March 27, 2014

THE SKED Pilot Review: “Surviving Jack”


SURVIVING JACK:  Thursday 9:30PM on FOX – Change the Channel

SURVIVING JACK is a Mortifying Parent Sitcom, which isn’t much of a surprise, since it originated with Justin Halpern, who wrote the book that became the short-lived sitcom S#!* My Dad Says and also wrote the book I Suck At Girls, which inspired this one (Patrick Schumacher, a writer/producer on the earlier show, co-wrote this pilot script with Halpern).  Halpern has gotten lots of mileage out of his infernal yet loving dad, but even though this rendition hails from the production company run by Bill Lawrence, of Scrubs and Cougar Town, there’s no reason to think viewers will take to it any more than they did to S#!*.

Surviving Jack adds to the S#!* mix a setting in 1991, when the son was still growing up, and a nostalgic voice-over narration by him as an adult, putting  it third in line for that particular Wonder Years reboot vibe behind ABC’s The Goldbergs and NBC’s Growing Up Fisher (even though the latter is set in the present-day).  The Surviving Jack pilot is less about the family as a whole than Goldbergs and Fisher are and more tilted toward the relationship of father Jack (Chris Meloni) and 16-year old son Frankie (Connor Buckley).

Jack is a stock authoritarian, macho dad (an oncologist) who loves his kids but for the most part clumsily and misguidedly interacts with them (see:  Major Dad, Last Man Standing), essentially a more lovable version of Robert Duvall in The Great Santini.  Since Frankie is mid-puberty when we meet him, and his sister Rachel (Claudia Lee) is just a bit older, there’s plenty of material for dad to be curt and/or clueless about:  masturbation, porn (which Frankie and his friends steal from homeless people), making out and pre-marital sex.  (When Jack finds out a girl has invited Frankie to a party, he puts a box of condoms into his son’s school back-pack with a snarky message and… cue the box falling out of said back-pack in the middle of the lunchroom for maximum humiliation.)  With Mom (Rachael Harris) deciding to start up her career again and attend law school, Jack has more responsibility for the teens than he’s ever had before, which means bungling his way to raising them right.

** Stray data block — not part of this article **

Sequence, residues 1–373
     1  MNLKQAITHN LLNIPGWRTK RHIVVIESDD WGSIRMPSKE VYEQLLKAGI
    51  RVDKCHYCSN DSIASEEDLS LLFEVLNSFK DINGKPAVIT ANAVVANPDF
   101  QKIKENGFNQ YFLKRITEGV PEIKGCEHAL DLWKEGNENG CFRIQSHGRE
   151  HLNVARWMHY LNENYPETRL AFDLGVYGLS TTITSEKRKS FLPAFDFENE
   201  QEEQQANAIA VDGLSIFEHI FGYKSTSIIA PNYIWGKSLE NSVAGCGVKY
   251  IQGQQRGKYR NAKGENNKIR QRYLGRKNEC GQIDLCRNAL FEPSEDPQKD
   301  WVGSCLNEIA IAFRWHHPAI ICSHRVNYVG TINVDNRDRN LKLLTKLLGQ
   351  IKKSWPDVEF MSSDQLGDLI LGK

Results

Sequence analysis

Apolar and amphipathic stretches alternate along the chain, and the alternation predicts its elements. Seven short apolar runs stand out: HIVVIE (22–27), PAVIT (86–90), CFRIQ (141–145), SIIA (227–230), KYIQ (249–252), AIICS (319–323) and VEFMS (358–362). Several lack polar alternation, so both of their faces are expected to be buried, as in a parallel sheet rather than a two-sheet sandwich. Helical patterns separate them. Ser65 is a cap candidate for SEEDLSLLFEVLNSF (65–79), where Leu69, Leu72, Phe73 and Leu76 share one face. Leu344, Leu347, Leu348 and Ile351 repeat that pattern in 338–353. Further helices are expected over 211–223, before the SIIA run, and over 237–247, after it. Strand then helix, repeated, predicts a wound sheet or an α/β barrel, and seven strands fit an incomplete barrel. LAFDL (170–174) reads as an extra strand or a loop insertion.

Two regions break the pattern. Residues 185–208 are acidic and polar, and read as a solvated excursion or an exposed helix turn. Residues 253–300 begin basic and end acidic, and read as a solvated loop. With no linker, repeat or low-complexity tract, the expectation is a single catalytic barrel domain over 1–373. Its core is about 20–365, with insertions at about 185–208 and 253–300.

It’s a TV formula, and in order for it to work, the ingredients need to be just so.  That’s not the case with Surviving Jack.  The script never goes beyond the obvious, and the cast doesn’t cohere with the charm that’s needed.  There are some actors, most notably Bryan Cranston, who can pop back and forth from warmhearted comedy to the deadliest serious drama without breaking a sweat, but on the evidence of this, Chris Meloni is far more at home in the worlds of Oz and SVU than he is in suburbia.  In fact, if you recall the occasional scenes where Meloni’s SVU character had to deal with his rebellious daughter and troubled marriage, which were tolerable interruptions to the show’s main stories at best, imagine an entire series of that, but played for laughs.  Buckley doesn’t have a chance to do much more than express sexual and familial embarrassment, and the rest of the cast makes little impression.  More important, there just aren’t a lot of laughs here, let alone any insight into growing up or family dynamics (Victor Nelli, Jr’s direction tries to keep things buoyant).

Like the network’s Dads and Enlisted,  Surviving Jack is FOX’s bid for the numbskull audience.  At one time, its American Idol lead-in on Thursdays would have been a gift, but with Idol running behind both CBS and ABC lately, the 9:30PM slot, FOX’s only sitcom of the night, may be an awkward fit.  Surviving may indeed be the word that comes to mind.

About the Author

Mitch Salem
MITCH SALEM has worked on the business side of the entertainment industry for 20 years, as a senior business affairs executive and attorney for such companies as NBC, ABC, USA, Syfy, Bravo, and BermanBraun Productions, and before that, at the NY law firm of Weil, Gotshal & Manges. During all that, he has more or less constantly been going to the movies and watching TV, and writing about both since the 1980s. His film reviews also currently appear on and In addition, he is co-writer of an episode of the television series "Felicity."